Protest near Gwanghwamun
We both decided it’d be best to leave the scence and fine some peace elsewhere, so we continued on to find a dress. A few minutes later we passed by Cheonggyecheon stream. Cheonggyecheon is a stream once covered by a large scale road, now a residential park and getaway from the city hustle (my friend Jakob wrote a great post about the project to recover Cheonggyecheon at http://www.jakobschenker.com/all/2013/9/1/korea-stream) . It’s only about 20-30 feet under the street, yet from alongside the river you can feel a quiet and peace you can’t along the Jongno sidewalks. I was struck by the juxtaposition of the quiet calm of Cheonggyecheon and the intensity of Gwanghwamun. In this politcally and culturally rich area, this juxtaposition of extremes is far from uncommon. Yet, to me, the quiet was a relief. Friday night was one night of many in a series of beautiful sunsets, and the effect created a rich red glow along the surface of the river near one of the main underpasses. Looking down the stream towards Gwangjang market, the river had a light green, turquoise glow complimented by the many lush trees and plants flanking the running water.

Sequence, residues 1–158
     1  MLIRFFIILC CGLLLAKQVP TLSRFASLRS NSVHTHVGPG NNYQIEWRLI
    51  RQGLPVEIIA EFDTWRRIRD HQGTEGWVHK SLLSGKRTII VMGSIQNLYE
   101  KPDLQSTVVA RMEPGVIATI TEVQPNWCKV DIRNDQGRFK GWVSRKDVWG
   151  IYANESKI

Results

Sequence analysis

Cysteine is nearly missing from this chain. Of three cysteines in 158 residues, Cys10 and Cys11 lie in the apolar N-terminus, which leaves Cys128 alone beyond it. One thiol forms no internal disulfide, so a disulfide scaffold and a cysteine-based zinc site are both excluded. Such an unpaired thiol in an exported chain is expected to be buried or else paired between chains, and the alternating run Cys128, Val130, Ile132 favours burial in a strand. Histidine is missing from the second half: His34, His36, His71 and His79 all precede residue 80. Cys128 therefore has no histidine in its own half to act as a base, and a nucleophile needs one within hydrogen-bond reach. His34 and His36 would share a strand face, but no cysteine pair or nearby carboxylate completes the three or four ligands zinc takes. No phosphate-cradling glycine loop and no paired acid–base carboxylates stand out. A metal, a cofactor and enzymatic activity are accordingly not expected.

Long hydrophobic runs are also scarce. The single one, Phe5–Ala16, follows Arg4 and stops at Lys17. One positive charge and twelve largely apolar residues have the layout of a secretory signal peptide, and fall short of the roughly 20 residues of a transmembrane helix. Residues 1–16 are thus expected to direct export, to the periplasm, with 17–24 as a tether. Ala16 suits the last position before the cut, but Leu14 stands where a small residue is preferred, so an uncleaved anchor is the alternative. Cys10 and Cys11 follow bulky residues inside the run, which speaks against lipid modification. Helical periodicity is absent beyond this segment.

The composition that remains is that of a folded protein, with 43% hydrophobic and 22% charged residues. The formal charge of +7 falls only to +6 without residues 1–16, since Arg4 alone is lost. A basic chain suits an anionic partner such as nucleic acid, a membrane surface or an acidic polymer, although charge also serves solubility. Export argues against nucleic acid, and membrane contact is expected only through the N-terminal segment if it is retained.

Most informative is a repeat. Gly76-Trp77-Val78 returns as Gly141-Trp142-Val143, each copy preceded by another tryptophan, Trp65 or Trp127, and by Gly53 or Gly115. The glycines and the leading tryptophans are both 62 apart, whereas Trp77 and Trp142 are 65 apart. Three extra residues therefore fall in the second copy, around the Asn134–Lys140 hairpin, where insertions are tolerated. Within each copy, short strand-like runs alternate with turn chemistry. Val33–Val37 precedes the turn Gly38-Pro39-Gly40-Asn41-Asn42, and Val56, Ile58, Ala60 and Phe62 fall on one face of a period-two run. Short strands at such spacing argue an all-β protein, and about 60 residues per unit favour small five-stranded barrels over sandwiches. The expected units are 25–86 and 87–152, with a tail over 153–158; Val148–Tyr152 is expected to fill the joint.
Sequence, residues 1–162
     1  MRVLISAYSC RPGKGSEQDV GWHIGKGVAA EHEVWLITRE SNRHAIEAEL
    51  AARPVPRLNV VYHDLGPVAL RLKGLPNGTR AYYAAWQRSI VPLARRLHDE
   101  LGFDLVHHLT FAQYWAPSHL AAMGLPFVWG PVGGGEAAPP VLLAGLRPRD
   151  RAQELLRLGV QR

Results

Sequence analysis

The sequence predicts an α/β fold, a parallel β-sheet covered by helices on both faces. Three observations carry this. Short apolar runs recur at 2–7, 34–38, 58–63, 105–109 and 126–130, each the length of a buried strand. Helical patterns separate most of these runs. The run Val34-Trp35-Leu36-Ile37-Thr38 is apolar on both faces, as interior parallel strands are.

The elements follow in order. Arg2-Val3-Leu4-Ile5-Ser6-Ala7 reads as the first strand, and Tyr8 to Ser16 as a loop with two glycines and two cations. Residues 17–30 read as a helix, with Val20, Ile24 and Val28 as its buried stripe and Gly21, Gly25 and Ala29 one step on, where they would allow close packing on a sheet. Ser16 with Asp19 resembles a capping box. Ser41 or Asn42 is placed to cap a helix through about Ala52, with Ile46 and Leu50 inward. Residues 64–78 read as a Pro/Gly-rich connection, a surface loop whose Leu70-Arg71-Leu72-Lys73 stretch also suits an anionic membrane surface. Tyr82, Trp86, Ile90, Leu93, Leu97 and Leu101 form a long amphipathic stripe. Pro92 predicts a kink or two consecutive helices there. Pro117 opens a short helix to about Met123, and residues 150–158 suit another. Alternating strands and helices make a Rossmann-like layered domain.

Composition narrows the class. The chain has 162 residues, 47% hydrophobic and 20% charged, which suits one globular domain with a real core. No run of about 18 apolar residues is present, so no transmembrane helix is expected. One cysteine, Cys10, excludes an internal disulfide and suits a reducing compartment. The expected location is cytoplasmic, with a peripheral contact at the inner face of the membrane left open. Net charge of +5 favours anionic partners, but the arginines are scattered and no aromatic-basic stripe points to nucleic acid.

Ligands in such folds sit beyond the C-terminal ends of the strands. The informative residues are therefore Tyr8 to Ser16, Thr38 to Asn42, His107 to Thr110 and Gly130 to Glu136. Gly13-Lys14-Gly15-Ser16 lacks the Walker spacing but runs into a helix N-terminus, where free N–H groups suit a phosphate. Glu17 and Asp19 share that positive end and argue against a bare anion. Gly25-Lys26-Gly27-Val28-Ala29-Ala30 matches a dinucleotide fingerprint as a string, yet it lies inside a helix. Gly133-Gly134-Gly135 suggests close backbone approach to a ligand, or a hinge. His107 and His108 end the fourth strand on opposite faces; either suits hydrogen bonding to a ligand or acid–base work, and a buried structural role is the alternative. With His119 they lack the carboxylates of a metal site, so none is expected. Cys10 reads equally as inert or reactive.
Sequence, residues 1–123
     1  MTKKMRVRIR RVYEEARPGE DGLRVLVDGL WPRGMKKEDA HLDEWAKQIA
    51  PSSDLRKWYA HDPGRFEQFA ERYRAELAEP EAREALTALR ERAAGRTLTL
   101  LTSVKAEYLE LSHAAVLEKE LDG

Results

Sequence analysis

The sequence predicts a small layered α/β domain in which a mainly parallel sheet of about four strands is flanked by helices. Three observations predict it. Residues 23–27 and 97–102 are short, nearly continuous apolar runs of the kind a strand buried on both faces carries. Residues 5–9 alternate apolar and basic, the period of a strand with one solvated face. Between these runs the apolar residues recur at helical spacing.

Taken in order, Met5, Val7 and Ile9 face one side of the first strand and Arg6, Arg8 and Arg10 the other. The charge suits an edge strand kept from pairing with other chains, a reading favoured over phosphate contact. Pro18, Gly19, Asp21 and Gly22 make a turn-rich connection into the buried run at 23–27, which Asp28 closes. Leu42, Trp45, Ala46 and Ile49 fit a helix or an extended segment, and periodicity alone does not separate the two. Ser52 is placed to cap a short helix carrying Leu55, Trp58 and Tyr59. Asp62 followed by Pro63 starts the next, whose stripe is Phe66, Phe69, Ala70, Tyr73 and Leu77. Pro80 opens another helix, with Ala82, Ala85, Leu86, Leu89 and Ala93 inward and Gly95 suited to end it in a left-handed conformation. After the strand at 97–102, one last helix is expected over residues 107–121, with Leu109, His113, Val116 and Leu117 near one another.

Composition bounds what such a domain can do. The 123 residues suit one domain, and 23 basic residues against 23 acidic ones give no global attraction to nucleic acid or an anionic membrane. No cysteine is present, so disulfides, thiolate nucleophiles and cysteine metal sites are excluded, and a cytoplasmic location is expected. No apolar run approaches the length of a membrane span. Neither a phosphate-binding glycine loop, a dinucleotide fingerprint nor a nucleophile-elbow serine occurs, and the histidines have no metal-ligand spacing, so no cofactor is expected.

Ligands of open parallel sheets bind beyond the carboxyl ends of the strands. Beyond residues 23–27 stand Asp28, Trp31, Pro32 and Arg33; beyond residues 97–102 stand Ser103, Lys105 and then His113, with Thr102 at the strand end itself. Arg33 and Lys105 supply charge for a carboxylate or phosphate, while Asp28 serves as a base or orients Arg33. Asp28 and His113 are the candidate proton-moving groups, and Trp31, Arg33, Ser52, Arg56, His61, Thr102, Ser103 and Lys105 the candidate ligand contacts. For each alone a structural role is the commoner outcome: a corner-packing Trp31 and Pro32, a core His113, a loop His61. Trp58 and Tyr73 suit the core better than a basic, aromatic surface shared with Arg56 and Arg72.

Women sitting by Cheonggyecheon
After annoying my girlfriend by lagging behind taking photos, I agreed to putting my camera away for a few minutes and just walk. We made our way from there to Myeongdong, one of Seoul’s main shopping meccas, and among one of the favorites for chinese and japanese tourists. That night, as we walked the streets You Jeong said “I don’t think I’m in Korea anymore” looking around at the many foreign faces. She asked “Are you okay being here? You don’t like Myeongdong right?” The truth is, I do like Myeongdong, just in small doses and preferably at night. I find it a lot of fun during the night with all the neon lights and street vendors. Yet, it’s still a lot for me. I’ve never been great with massive crowds and excessive stimulation and that’s what Myeongdong’s all about. Nonetheless I can find it interesting and energizing when in the right frame of mind.
Myeongdong at night
Street Vendor in Myeongdong
Street food, lots of grilled seafood (octopus, squid, fish, etc.)
I’d agreed to tag along that night while You Jeong shopped. It was my gift to her and I promised to be patient. She could tell, however, that I was tired, so offered to get beer and fries afterwards. We wound up at beer and fry joint above the streets of Myeongdong. We were speaking only in Korean all night, so our conversation was more basic than usual but we both had fun. The night certainly provided many things to talk about and was a reminder for me that the city I call home can be very turbulent and wild yet always full of life and energy. I enjoy these things about Seoul.